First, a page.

Yay! Some good news, for once–according to the article “How young writers are leading a poetry comeback,” by Jennifer Hijazi on pbs.org, “twenty-eight million American adults read poetry this year–the highest percentage of poetry readership in more than 15 years.” The reason for the spike, after what was a downward trend? “Young adults and certain racial ethnic groups account for a large portion of the increase.” According to statistics provided by the National Endowment for the Arts, “U.S. poetry readers aged 18 to 24 more than doubled, jumping from 8 percent in 2012 to 17 percent in 2017,” and “African Americans and Asian Americans are reading poetry at the highest rates.” This is fantastic news! I’ve seen more interest among students not only within my actual poetry courses, but in my literature and other English courses, as well. This recent data shows how reading and writing poetry can connect us with others, and can be an important outlet for individual expression, whether it be read for pleasure (often leading to experimentation), written for oneself, shared online, or via an open mic. Let’s hope the trend continues to grow–I know I’m passionately pushing it in my classes.
Photo credit: DC Youth Slam Team
Got my July reading here. I’ve already finished American War, by Omar El Akkad, which is speculative dystopian fiction, about a second American civil war, and I’m almost done with Damned, by Chuck Palahniuk, wherein a thirteen year old girl goes to Hell. I’m really excited about the other two, though–Groff’s collection of stories, Florida, got rave reviews, and Miller’s Circe is the tale of the ancient Greek sorceress from her (Circe’s) point of view, a sort of feminist reimagining, from what I understand. Ah, summer, when I actually have time to read for pleasure!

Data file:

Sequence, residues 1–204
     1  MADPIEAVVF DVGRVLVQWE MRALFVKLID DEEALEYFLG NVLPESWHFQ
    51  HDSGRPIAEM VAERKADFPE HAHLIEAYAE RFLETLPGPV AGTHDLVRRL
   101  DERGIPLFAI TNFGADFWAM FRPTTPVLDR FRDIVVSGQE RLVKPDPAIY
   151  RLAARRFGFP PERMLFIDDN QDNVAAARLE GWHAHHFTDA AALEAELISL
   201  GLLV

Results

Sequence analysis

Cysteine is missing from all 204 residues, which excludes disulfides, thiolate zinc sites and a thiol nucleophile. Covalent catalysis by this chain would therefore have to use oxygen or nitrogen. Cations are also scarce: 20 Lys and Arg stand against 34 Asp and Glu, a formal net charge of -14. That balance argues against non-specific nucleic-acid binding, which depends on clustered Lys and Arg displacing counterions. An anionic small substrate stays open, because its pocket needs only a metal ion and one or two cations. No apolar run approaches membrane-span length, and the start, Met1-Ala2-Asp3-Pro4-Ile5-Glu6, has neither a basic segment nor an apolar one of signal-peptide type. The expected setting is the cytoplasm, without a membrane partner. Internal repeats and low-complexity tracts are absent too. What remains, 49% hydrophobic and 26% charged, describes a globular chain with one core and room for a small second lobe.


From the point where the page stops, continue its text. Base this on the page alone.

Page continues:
Just got my Summer issue of Third Wednesday, Vol. XI, No. 3. That’s my photo on the cover of the journal, taken at Umbrella Street in Antalya, Turkey, in 2014. I’ve a couple of poems in this issue, as well: “In the Hills,” and “The Final Storm.” A big thanks to TW, and editor David Jibson. It’s nice to be in print again!
Just a quickie post, with a link to a write-up on the Flagler College website about my poetry students and their publishing project in the literary magazine, Third Wednesday. That’s my school campus above–how amazing to work here every day, eh?
(Pictured, left to right: Stephen Cripps, Kate Walsh, Phaedra DeJarnette, Cheyenne Koth, Marissa Hanson, Emily Bloom. Not pictured: Suzy Sutton, Lauren Ward, Alex Garrett).
Congratulations to students from my Intro to Poetry Writing course last semester at Flagler College, who’ve just recently had poems published in the Spring issue of Third Wednesday literary magazine! Ten students’ poems appeared in the issue, with the work curated by myself. Magazine editor David K. Jibson offered us a wonderful opportunity to be featured, so I’d like to extend my gratitude to him, as well. This is a first publication for most students, and I’ve no doubt it may be the beginning of a literary career for a few of them–they’re super talented, and driven to write poetry. Did I mention I’m also hella proud of them?